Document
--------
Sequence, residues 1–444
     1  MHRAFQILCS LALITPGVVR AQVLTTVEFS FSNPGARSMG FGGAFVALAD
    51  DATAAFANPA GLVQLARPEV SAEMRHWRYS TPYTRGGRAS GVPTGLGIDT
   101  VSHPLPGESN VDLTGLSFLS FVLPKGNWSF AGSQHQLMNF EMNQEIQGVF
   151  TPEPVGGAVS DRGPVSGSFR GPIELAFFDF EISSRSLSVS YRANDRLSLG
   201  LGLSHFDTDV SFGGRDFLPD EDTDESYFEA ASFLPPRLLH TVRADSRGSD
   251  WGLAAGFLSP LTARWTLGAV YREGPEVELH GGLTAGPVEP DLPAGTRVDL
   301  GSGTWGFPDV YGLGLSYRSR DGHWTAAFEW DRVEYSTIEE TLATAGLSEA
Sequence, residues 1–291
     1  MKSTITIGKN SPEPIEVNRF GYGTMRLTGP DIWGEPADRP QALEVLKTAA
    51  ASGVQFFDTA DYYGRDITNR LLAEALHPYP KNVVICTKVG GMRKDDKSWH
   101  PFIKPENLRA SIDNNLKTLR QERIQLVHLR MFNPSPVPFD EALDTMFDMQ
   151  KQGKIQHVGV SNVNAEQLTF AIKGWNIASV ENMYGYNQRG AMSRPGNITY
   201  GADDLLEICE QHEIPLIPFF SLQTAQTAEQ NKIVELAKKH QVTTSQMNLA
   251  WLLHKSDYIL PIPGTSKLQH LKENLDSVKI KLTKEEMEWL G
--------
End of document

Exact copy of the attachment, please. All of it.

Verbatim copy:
Sequence, residues 1–444
     1  MHRAFQILCS LALITPGVVR AQVLTTVEFS FSNPGARSMG FGGAFVALAD
    51  DATAAFANPA GLVQLARPEV SAEMRHWRYS TPYTRGGRAS GVPTGLGIDT
   101  VSHPLPGESN VDLTGLSFLS FVLPKGNWSF AGSQHQLMNF EMNQEIQGVF
   151  TPEPVGGAVS DRGPVSGSFR GPIELAFFDF EISSRSLSVS YRANDRLSLG
   201  LGLSHFDTDV SFGGRDFLPD EDTDESYFEA ASFLPPRLLH TVRADSRGSD
   251  WGLAAGFLSP LTARWTLGAV YREGPEVELH GGLTAGPVEP DLPAGTRVDL
   301  GSGTWGFPDV YGLGLSYRSR DGHWTAAFEW DRVEYSTIEE TLATAGLSEA
Sequence, residues 1–291
     1  MKSTITIGKN SPEPIEVNRF GYGTMRLTGP DIWGEPADRP QALEVLKTAA
    51  ASGVQFFDTA DYYGRDITNR LLAEALHPYP KNVVICTKVG GMRKDDKSWH
   101  PFIKPENLRA SIDNNLKTLR QERIQLVHLR MFNPSPVPFD EALDTMFDMQ
   151  KQGKIQHVGV SNVNAEQLTF AIKGWNIASV ENMYGYNQRG AMSRPGNITY
   201  GADDLLEICE QHEIPLIPFF SLQTAQTAEQ NKIVELAKKH QVTTSQMNLA
   251  WLLHKSDYIL PIPGTSKLQH LKENLDSVKI KLTKEEMEWL G